Kansas winning ugly, but it's a start

WASHINGTON, D.C. -- One might be inclined to think that after five straight wins -- including three in a row over Michigan State, Florida and Georgetown -- the Kansas Jayhawks are a pretty good basketball team. Not great, necessarily. Not vintage. But pretty good, right?

Bill Self would be the first to disabuse you of that notion.

"We're not very good yet," Self said.

He is happy to list the reasons.

"We're not a good passing team at all," Self said. "We don't make the game easier for our teammates. ... We don't know where our shots are coming from consistently. We don't know who to play through at times. Sometimes Frank [Mason] is the best player on our team. Sometimes Wayne [Selden] is. Sometimes Perry [Ellis] is. We haven't quite figured it out yet. But that's OK. The key to having great seasons is winning when you don't play great."

Judged by that standard, Wednesday night's win was Kansas' most impressive yet.

On the road against a Georgetown team with a massive front line and a visible hunger for a marquee, nonconference breakthrough, the Jayhawks scrapped and clawed and shot their way to a mostly ugly 75-70 win. Kansas made just 10 of its 36 attempts inside the arc, a parade of contested tries taken in the teeth of the Hoyas' physical defense. The Jayhawks committed 17 turnovers to just 11 assists. They scored 1.01 points per possession.

All the while, Self continued to tinker with his lineup. He gave forward Landen Lucas the nod in the starting lineup. He gave Kelly Oubre -- a star freshman prospect who has largely disappointed to date -- his biggest and most impactful minutes of the season. And he rode the hot hand of Brannen Greene, whom Self said has "gotten in his own way with us on the court by not doing what we think he's capable of doing," to 19 points on 5-of-5 from 3 and 4-of-4 from the free throw line.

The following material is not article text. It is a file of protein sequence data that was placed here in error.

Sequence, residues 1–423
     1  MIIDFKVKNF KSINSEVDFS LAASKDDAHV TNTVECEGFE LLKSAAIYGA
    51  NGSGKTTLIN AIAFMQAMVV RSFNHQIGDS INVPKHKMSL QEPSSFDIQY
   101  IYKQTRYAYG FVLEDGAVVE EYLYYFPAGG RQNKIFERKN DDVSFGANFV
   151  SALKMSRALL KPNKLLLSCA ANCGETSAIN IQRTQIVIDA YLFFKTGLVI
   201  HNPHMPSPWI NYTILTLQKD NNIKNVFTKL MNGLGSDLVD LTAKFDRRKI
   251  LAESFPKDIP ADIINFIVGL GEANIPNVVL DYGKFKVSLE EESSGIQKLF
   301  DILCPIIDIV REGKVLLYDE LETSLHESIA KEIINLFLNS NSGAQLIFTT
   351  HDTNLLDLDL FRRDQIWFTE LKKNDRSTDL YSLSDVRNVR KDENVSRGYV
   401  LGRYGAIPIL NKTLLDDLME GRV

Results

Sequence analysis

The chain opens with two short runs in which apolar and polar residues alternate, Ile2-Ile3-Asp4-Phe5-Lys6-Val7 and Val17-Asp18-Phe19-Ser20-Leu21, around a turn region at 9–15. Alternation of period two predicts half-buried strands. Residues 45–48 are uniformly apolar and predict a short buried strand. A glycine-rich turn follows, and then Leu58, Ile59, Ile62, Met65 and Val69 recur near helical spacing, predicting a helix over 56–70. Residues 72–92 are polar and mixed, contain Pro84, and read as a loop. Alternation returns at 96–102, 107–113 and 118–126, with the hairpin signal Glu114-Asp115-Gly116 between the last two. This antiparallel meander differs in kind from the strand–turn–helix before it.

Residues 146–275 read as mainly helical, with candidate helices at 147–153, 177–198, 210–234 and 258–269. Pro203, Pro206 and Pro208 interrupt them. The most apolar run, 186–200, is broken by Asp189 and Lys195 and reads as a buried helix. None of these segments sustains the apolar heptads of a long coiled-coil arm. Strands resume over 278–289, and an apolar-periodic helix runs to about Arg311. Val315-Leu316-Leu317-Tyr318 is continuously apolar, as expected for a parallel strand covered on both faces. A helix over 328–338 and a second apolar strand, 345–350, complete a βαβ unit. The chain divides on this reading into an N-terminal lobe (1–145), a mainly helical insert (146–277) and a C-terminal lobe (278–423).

"It was a toughness win," Greene said. "Coach kept saying the toughest team was going to win. That's what I felt like we did. We grinded it out."

Greene's shooting made him the lone Jayhawk to hit better than 50 percent Wednesday night. Perry Ellis finished 4-of-15 for 13 points but contributed 10 rebounds to the cause. Wayne Selden shot 2-of-7. Sviatoslav Mykhailiuk started the game but managed just one attempt before being relegated to the bench for the rest of the evening. Mason was probably the Jayhawks' second-best player, and even he finished just 4-of-8 with four turnovers, though several of his buckets came at crucial junctures in the game.

A good portion of the credit should go to Georgetown. After the game, John Thompson II said he was struggling to identify positives from the outing. The Hoyas truly, desperately wanted a win.

But even if the wins haven't come, Georgetown has been undeniably more impressive this season than during 2013-14's lackluster 18-15 campaign. They're more efficient on offense, thanks to the emergence of D'Vauntes Smith-Rivera as the team's lead guard and (finally!) the arrival of long-awaited UCLA transfer Josh Smith. Smith in particular has been impressive, with a usage rate of 29.7 percent and an offensive rebounding rate of 15.5 percent. Georgetown is far better on defense, too, holding opponents to well under a point per trip this season. The uptick on both ends hasn't translated into wins -- the Hoyas played Wisconsin close in the Bahamas and fell to Butler two days after topping Florida in overtime -- but the odds this team will miss the tournament are minimal.

All of which makes Kansas's performance praiseworthy. With a lineup in flux and an offense prone to sputters, Self's team emerged from a true, nonconference road test with a win. An unsightly win, sure. But a win all the same.

"I think we're learning how to win ugly," Self said. "Which is still winning."